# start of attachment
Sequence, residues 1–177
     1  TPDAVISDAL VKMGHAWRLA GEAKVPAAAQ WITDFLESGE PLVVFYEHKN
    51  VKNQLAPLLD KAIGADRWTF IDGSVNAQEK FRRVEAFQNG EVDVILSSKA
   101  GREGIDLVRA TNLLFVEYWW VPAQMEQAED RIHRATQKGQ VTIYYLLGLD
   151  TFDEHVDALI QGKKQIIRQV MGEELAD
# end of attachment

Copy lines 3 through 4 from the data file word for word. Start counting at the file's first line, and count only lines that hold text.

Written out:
    51  VKNQLAPLLD KAIGADRWTF IDGSVNAQEK FRRVEAFQNG EVDVILSSKA
   101  GREGIDLVRA TNLLFVEYWW VPAQMEQAED RIHRATQKGQ VTIYYLLGLD